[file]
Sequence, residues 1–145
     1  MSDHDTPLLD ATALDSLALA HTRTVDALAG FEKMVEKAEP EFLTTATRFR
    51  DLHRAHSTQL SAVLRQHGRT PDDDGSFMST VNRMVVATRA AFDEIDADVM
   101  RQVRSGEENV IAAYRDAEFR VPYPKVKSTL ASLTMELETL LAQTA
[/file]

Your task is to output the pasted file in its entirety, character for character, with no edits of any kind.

Sequence, residues 1–145
     1  MSDHDTPLLD ATALDSLALA HTRTVDALAG FEKMVEKAEP EFLTTATRFR
    51  DLHRAHSTQL SAVLRQHGRT PDDDGSFMST VNRMVVATRA AFDEIDADVM
   101  RQVRSGEENV IAAYRDAEFR VPYPKVKSTL ASLTMELETL LAQTA